- The Washington Times - Wednesday, April 1, 2009

WARSAW, POLAND (AP) - Cuban leader Fidel Castro impressed Pope John Paul II by reading up on his teaching and poetry ahead of their 1996 meeting at the Vatican, according to a new book on the late pontiff’s daily life.

The book, “He Liked Tuesdays Best” is based on interviews by journalist Brygida Grysiak with Archbishop Mieczyslaw Mokrzycki, who served as a secretary to the Polish-born pope from 1996 until the pontiff’s death at 84 on April 2, 2005.

The book authorized by the Polish Roman Catholic Church was released last week and the 20,000 copies have already sold out, chief editor Piotr Slabek said Wednesday.

An Italian edition of the book is expected to be released this year and the publisher is in talks about English, German, Ukrainian and French versions.

In the 180-page work, Mokrzycki recalls details of the pope’s meetings with political leaders like Russia’s then-President Vladimir Putin, the late Palestinian leader Yasser Arafat and the communist Castro.

“Fidel Castro was extremely well prepared for the meeting,” Mokrzycki said. “He had read many of (the pope’s) works, also his poetry. He was very well oriented in the encyclicals, had studied them in detail.”

“The Holy Father … was very impressed,” said Mokrzycki, now the Archbishop of Lviv in Ukraine.

Dozens of books concerning the much-beloved pope _ born Karol Wojtyla in Wadowice _ have appeared in Poland since his death, including 16 volumes of his works.

Mokrzycki said one of the pope’s unfulfilled dreams was to visit the Roman Catholic community in predominantly orthodox Russia.

During visits to the Vatican in 2000 and in 2003 then-President Putin said in the pope’s presence: “I would invite the Holy Father, but ….the Orthodox church is not mature enough for that yet,” according to Mokrzycki.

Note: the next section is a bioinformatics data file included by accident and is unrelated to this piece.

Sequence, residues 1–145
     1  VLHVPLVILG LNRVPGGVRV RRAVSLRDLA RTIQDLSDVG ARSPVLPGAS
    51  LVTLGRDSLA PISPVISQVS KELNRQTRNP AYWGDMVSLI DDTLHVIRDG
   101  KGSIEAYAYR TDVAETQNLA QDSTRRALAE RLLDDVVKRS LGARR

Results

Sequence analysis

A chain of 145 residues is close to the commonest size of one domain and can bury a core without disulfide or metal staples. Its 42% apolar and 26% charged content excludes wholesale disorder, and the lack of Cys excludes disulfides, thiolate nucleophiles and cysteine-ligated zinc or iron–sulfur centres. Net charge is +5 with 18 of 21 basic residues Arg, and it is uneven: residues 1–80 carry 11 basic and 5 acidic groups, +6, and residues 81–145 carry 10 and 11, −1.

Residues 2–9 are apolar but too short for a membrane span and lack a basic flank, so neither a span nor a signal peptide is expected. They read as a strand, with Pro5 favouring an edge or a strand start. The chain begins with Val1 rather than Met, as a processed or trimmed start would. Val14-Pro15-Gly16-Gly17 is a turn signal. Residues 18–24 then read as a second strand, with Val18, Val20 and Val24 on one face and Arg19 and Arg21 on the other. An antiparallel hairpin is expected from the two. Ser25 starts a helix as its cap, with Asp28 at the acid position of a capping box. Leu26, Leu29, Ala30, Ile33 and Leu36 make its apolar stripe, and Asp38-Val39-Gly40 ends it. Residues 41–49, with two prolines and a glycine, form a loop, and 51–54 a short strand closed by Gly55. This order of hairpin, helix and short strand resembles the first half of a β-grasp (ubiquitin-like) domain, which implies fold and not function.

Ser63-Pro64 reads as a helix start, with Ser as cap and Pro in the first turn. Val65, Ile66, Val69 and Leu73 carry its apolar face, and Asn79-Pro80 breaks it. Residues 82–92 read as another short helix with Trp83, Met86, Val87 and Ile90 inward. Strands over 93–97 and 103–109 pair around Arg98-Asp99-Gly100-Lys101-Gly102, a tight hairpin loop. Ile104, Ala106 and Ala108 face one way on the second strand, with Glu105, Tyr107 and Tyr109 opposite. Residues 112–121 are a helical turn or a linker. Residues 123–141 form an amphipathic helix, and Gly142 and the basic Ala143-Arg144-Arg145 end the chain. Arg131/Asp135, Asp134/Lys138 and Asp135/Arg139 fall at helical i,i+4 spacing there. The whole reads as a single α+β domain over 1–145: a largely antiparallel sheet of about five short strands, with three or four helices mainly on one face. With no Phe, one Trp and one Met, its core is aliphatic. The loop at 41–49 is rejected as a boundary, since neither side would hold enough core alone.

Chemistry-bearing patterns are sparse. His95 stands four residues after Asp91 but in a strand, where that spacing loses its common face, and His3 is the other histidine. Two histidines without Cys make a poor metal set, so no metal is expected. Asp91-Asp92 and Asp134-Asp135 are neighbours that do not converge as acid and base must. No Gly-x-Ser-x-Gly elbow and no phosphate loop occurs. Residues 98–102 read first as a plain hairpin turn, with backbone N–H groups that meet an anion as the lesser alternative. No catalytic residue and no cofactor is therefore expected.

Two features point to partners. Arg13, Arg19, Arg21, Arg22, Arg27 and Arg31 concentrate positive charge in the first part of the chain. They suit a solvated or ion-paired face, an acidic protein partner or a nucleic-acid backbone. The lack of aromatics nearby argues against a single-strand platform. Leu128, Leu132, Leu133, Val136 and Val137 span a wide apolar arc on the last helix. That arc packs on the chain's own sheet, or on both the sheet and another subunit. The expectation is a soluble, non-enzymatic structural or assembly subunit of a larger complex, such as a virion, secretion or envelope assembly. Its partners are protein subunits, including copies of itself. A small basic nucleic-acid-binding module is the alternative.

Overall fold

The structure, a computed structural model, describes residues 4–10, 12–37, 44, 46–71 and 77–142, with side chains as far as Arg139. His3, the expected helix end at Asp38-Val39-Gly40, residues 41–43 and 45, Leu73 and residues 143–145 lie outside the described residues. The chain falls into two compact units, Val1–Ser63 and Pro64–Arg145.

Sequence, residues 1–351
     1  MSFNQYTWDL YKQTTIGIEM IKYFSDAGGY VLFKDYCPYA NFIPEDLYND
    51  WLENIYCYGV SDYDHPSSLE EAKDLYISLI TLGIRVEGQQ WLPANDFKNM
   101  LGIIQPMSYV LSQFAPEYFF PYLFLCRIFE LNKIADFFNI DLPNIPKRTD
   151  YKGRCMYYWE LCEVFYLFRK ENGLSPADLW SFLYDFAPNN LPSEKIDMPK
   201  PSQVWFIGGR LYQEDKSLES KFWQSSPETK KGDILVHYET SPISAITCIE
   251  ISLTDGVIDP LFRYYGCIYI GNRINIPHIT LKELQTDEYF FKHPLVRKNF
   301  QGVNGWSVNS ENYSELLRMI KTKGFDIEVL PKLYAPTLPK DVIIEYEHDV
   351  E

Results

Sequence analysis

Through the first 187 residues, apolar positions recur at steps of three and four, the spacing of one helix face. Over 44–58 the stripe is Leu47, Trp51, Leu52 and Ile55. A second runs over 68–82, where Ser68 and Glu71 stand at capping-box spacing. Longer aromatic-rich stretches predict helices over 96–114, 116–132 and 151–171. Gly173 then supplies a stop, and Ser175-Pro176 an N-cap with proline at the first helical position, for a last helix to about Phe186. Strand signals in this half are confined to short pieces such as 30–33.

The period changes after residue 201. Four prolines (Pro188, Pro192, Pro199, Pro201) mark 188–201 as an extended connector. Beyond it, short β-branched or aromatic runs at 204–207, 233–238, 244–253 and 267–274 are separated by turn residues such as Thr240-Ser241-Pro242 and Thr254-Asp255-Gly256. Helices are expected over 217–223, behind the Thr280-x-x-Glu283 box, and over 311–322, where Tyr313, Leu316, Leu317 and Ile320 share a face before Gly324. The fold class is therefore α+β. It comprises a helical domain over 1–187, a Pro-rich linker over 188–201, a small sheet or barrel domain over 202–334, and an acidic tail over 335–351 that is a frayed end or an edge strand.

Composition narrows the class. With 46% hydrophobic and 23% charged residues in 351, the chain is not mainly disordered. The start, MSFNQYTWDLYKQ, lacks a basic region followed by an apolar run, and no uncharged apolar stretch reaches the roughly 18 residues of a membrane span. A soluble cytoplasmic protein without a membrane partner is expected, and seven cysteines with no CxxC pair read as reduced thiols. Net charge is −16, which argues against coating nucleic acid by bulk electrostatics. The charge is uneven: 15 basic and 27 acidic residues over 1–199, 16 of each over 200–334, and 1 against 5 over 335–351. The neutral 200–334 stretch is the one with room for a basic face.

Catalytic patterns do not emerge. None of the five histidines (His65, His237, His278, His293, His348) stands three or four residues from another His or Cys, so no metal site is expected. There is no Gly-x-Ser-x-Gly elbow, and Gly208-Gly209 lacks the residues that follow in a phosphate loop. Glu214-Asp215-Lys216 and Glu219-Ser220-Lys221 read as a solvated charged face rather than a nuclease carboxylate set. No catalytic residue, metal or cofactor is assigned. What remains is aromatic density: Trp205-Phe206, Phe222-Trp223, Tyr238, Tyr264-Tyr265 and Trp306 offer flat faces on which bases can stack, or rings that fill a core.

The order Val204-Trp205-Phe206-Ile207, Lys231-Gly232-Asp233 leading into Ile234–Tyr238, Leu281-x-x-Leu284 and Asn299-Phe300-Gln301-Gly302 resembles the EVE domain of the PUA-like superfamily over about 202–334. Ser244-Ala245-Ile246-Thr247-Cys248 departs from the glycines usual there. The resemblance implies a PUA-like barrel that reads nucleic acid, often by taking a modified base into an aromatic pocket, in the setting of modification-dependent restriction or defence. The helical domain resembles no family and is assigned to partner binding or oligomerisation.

In 2003, Putin made the sign of the cross and kissed an icon that was in the room where they were meeting, which the pontiff later offered to Russia’s Orthodox church, according to Mokrzycki.

Mokrzycki said John Paul II “had a special liking” for Arafat and held a number of meetings with him, granting an audience each time the Palestinian leader requested one, even if the pontiff was on vacation.

The meetings gave the pope “a lot of joy because he was meeting with a man despised by many, to whom he was giving strength and courage,” Mokrzycki said.

“The Holy Father was not concerned” about criticism these meetings drew from the world.

“He believed he should not abandon the poor and the suffering in need,” Mokrzycki said.

Mokrzycki recalled the Pope’s meeting with the Turkish Mehmet Ali Agca, who shot and seriously wounded him in 1981.

“There was no repentance in him (Agca), no grief, there was no ‘I am sorry,’” Mokrzycki said. The pope forgave him anyway.

Mokrzycki also recalled how the pope liked Tuesdays _ which inspired the book’s title _ because once or twice a month those were his days off. He would travel with close aides to the Dolomites or Tuscany. He walked, read books and had lunch offered by the wives of the police officers accompanying them. In the evening the group would sing around bonfires.

John Paul II also liked sweets, but was mindful of his weight, which led to the Polish nuns who cooked for him not offering up desserts. Sometimes, Mokrzcki said, he would smile and draw circles on the tablecloth with his finger.

“The nuns had to bring a cookie,” Mokrzycki said.


On the Net:

https://www.wtorki.pl (in Polish)

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